Sat, Dec 08, 2018 - Page 1 News List

Trade bid derailed by Japan food ban

CHALLENGE:The foreign ministry said it was in ‘earnest communication’ with Tokyo, which expressed regret over a public vote to retain a ban on certain Japanese imports

By Stacy Hsu  /  Staff reporter

Japanese Minister of Foreign Affairs Taro Kono delivers a speech during the Mediterranean Dialogue in Rome on Nov. 23.

Photo: EPA-EFE

The government yesterday said it would continue to seek Tokyo’s support and understanding after a top Japanese official said that Taiwan is unlikely to join the Comprehensive and Progressive Agreement for Trans-Pacific Partnership (CPTPP) because of the result of its referendum banning certain Japanese food imports.

“Japan’s reaction is understandable and this is going to be a strenuous challenge for Taiwan,” Executive Yuan spokeswoman Kolas Yotaka said, adding that the Cabinet has instructed government agencies to communicate with Tokyo.

The Ministry of Foreign Affairs in a press release said it would continue to engage in “earnest communication” with Japan and handle with discretion any possible actions Tokyo could take in response to the passage of a referendum on Nov. 24 that called for a continued ban on imports of Japanese agricultural and food products from Fukushima and four other prefectures after the 2011 Fukushima Dai-ichi nuclear power plant disaster.

A total of 7,791,856 people, or 78 percent of the votes cast, favored retaining the ban, further tying the hands of the Democratic Progressive Party (DPP) administration, which has sought to relax the major impediment to bilateral trade relations.

Speaking to reporters in Tokyo yesterday, Japanese Minister of Foreign Affairs Taro Kono reiterated Tokyo’s regret over the referendum’s passage, which he said has unfortunately made Taiwan’s bid to join the Japan-led CPTPP unlikely.

“If this [Taiwan’s import ban] violates WTO regulations, Japan does not rule out taking the matter to the WTO. In addition, the CPTPP pact is expected to take effect this year and it is very regrettable that this matter has made it unlikely for Taiwan to join the partnership,” Kono said.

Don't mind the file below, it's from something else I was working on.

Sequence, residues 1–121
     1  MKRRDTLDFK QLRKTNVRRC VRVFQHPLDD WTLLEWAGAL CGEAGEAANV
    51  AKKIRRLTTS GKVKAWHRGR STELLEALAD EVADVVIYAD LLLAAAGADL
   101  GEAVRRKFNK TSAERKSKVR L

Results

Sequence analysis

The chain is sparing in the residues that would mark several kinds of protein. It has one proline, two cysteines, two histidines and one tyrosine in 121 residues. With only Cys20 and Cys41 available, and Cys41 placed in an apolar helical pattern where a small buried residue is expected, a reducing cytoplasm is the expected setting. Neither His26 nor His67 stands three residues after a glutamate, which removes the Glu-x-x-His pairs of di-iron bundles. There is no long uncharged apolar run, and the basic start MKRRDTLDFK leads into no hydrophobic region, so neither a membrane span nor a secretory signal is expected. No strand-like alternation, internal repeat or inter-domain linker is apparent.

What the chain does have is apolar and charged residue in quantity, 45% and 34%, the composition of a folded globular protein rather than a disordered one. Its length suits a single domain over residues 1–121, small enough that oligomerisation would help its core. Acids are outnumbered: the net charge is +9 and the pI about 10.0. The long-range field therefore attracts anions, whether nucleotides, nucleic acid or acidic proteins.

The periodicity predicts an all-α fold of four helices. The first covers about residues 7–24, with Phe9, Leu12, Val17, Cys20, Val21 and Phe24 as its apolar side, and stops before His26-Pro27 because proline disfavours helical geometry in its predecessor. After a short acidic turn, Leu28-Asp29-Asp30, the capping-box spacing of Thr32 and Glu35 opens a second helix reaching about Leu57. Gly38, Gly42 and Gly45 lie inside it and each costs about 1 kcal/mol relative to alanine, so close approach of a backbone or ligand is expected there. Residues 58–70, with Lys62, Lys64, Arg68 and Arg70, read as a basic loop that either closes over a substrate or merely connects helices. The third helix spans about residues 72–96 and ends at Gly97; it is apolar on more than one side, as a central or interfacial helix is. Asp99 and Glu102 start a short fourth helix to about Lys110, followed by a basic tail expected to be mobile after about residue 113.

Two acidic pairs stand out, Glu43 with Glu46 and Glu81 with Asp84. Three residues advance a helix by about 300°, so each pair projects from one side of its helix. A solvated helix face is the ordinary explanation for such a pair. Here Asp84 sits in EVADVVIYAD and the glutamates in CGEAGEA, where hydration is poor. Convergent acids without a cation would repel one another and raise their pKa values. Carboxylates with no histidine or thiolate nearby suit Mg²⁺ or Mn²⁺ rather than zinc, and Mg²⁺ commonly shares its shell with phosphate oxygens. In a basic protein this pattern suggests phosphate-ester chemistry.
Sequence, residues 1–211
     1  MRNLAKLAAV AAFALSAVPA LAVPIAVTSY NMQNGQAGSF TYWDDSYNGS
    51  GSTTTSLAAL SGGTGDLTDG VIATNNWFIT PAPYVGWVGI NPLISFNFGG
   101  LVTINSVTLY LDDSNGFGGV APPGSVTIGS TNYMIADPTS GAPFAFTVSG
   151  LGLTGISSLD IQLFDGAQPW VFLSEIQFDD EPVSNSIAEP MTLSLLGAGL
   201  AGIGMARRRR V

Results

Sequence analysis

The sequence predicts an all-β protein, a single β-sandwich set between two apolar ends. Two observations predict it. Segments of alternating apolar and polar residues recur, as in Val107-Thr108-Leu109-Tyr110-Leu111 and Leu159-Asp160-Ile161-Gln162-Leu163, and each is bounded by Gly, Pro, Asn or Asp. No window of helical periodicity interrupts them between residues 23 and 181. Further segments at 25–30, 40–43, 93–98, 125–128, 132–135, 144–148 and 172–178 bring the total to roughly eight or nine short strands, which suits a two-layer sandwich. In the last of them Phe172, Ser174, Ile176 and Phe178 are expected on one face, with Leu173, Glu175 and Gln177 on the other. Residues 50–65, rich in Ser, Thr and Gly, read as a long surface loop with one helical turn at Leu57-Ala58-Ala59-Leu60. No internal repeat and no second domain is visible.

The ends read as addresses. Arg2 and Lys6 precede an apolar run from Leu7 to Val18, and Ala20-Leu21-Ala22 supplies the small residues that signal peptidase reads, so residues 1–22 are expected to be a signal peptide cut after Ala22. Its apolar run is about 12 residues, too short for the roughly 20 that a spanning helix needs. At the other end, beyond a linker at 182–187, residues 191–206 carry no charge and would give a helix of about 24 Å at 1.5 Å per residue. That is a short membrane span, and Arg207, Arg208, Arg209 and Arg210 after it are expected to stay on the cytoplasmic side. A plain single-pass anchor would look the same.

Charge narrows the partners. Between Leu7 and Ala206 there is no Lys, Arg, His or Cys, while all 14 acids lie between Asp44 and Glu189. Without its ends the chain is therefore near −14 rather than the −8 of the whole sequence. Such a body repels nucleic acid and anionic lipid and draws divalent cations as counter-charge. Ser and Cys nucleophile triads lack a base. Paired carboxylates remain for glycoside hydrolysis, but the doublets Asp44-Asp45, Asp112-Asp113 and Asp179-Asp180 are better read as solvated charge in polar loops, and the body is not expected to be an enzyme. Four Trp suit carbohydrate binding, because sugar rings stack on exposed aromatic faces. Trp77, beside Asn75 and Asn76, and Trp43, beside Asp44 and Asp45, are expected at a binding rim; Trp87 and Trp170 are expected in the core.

It was the first time Kono has directly connected the import ban on Japanese food products with Taiwan’s chances of joining the CPTPP.

The ban has also resulted in the suspension of the Taiwan-Japan Economic Partnership Committee, which was established in 2013 as a platform for discussing economic, trade and investment issues.

After the conclusion of the annual Taiwan-Japan trade and economic meeting in Taipei on Nov. 30, Taiwan-Japan Relations Association Secretary-General Chang Shu-ling (張淑玲) conveyed Taiwan’s hope of being included in the CPTPP to her Japanese counterparts through different channels.

“We hope that Japan could offer us more assistance, including through the exchange of information,” she said.

Chinese Nationalist Party (KMT) Vice Chairman Hau Lung-bin (郝龍斌), who initiated the referendum, in a press release said that Japan’s use of the ban as a threat showed that the DPP’s claim that Taiwan-Japan relations are “at their best” is a lie.

“Taiwan and Japan have always had an uneven trade relationship. Taiwan holds a trade deficit of NT$600 billion [US$19.45 billion] with Japan. Haven’t we bought enough?” Hau asked, adding that the Taiwan-Japan relationship should not be built solely on meeting Japan’s demands.

According to Ministry of Finance statistics, Taiwan had a trade deficit of NT$634.8 billion with Japan last year.

Additional reporting by Lee Hsin-fan and CNA

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